No, that's simply wrong...in Marx's outlook, the state was simply an organ of class rule and no more "greater than mere mankind" than any other social "tool".

It was Hegel who elevated the state to "god-like" status and 20th century Leninism owed as much to Hegel (if not more!) than to Marx.

quote:

Although Marx and Engels did not mean to create a religion, for all intents and purposes they did.


I think any "large-scale" explanation of human history is vulnerable to being turned into a dogma (if not "a religion")...particularly one that invites conscious human participation in "making history".

Those are the breaks. Eventually the dogmas are overthrown and whatever was sound in the original is liberated for fresh investigation.

quote:

They were also wrong on their observations of the historical evolution of human political systems. Many of the studies of stone age, bronze age, and early iron age cultures had not be done at the time of their studies. Every stage of human development has similarities. Every culture has exploited some class and has in turn been exploited by some other group. It is not a matter of political evolution but instead of the availability of resources. Man in the singular is greedy and wants as much as he can get, consequently the strong (whether an individual or group) will enforce their will upon the weaker. This has happened from the stone age to [the] present...


This is the more or less boilerplate response of capitalist ideologues to Marxism -- it doesn't argue that Marx and Engels did not try to investigate social reality in a scientific way, it just says they were really lousy at it.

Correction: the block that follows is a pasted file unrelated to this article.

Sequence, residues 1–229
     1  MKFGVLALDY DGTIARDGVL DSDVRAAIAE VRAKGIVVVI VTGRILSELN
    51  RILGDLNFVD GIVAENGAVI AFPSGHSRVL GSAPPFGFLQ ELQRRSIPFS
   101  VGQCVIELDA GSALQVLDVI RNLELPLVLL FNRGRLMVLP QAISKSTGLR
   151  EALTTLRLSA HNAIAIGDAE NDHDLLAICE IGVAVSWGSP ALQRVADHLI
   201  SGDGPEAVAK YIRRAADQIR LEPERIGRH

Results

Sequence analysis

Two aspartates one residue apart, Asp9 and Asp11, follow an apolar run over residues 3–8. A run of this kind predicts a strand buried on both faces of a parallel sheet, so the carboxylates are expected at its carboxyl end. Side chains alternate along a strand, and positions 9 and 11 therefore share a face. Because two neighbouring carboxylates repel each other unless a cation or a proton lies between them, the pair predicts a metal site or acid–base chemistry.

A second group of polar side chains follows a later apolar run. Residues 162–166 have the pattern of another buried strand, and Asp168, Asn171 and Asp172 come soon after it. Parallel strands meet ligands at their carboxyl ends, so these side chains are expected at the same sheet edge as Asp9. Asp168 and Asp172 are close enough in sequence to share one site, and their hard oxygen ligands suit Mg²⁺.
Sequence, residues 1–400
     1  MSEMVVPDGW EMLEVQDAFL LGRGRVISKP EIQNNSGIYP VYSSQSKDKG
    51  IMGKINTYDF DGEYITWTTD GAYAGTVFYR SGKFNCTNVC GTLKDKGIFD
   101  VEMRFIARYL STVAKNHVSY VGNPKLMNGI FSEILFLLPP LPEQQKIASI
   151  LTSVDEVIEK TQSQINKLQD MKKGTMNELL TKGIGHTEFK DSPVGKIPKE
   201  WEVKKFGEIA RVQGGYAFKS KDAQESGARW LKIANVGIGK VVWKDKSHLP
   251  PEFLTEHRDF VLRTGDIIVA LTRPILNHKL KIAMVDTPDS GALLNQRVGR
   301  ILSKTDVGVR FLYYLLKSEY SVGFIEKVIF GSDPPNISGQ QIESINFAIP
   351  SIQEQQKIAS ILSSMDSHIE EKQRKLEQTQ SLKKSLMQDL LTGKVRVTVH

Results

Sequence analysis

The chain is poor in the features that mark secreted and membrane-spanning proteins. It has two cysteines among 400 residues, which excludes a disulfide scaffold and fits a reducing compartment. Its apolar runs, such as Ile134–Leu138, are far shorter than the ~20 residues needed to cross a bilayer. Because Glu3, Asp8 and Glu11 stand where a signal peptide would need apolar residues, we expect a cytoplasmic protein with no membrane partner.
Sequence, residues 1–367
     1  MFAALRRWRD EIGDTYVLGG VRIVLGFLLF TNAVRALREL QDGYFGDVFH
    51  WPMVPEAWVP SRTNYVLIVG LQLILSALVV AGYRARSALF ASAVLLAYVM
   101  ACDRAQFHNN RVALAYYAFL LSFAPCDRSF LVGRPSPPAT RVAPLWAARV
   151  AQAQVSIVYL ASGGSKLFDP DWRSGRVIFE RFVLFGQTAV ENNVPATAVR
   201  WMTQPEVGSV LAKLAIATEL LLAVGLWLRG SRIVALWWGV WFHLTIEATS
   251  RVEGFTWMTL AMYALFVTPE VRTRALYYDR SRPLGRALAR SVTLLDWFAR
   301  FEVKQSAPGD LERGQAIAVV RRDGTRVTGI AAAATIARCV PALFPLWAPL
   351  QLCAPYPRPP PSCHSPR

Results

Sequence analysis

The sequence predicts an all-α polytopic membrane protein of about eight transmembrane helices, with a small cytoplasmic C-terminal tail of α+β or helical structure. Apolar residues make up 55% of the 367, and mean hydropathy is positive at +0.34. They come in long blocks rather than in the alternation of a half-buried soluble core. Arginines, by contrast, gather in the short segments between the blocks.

This view has been refuted on numerous occasions of course...but I'm not sure that this particular thread is the appropriate place to do so. I was rather hoping to confront directly the opinions of those who think that "Marxism is a religion".

But if you really want to go off on this tangent, naturally I will accomodate you.

quote:

By this we can see that Marxism has the other piece necessary for a religion -- faith. You have to have faith that the system will work and the willingness to force the unwilling to conform. In what way is that different from religion?


The story is told that when the first experiments were planned to check Einstein's prediction that mass would cause light rays to curve, someone asked him how he would react if the observations didn't match his predictions.

"Then I would assume that the observations were in error," he stoutly replied, "The theory is correct."

It was.

There is fragmentary evidence that communism "will work" -- most notably in Spain during the civil war.

But I agree, the Marxist hypothesis of a classless society can only be demonstrated by the existence of one or several viable communist societies over a prolonged period of time. Einstein's "faith" was strong indeed...but we still had to make the observations.

As to the "willingness to make the unwilling conform", what do we live in now?

What of your faith in the American Empire (and that of others here)? Is it not "greater than mere mankind"? Is it truly "benevolent"? Will it be "eternal"? Does it not resort to violence to make the "unwilling conform"?

Shouldn't you have a little statement beneath your avatar: "America is my religion!"?
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First posted at Ex-Christian Net on November 26, 2004
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Why can't you discuss the subject of this thread without introducing an endless number of diversions?

Do you want to discuss the so-called "workers' paradises"? We can have a thread on that.

Do you want to discuss the American Empire? We can have a thread on that, too.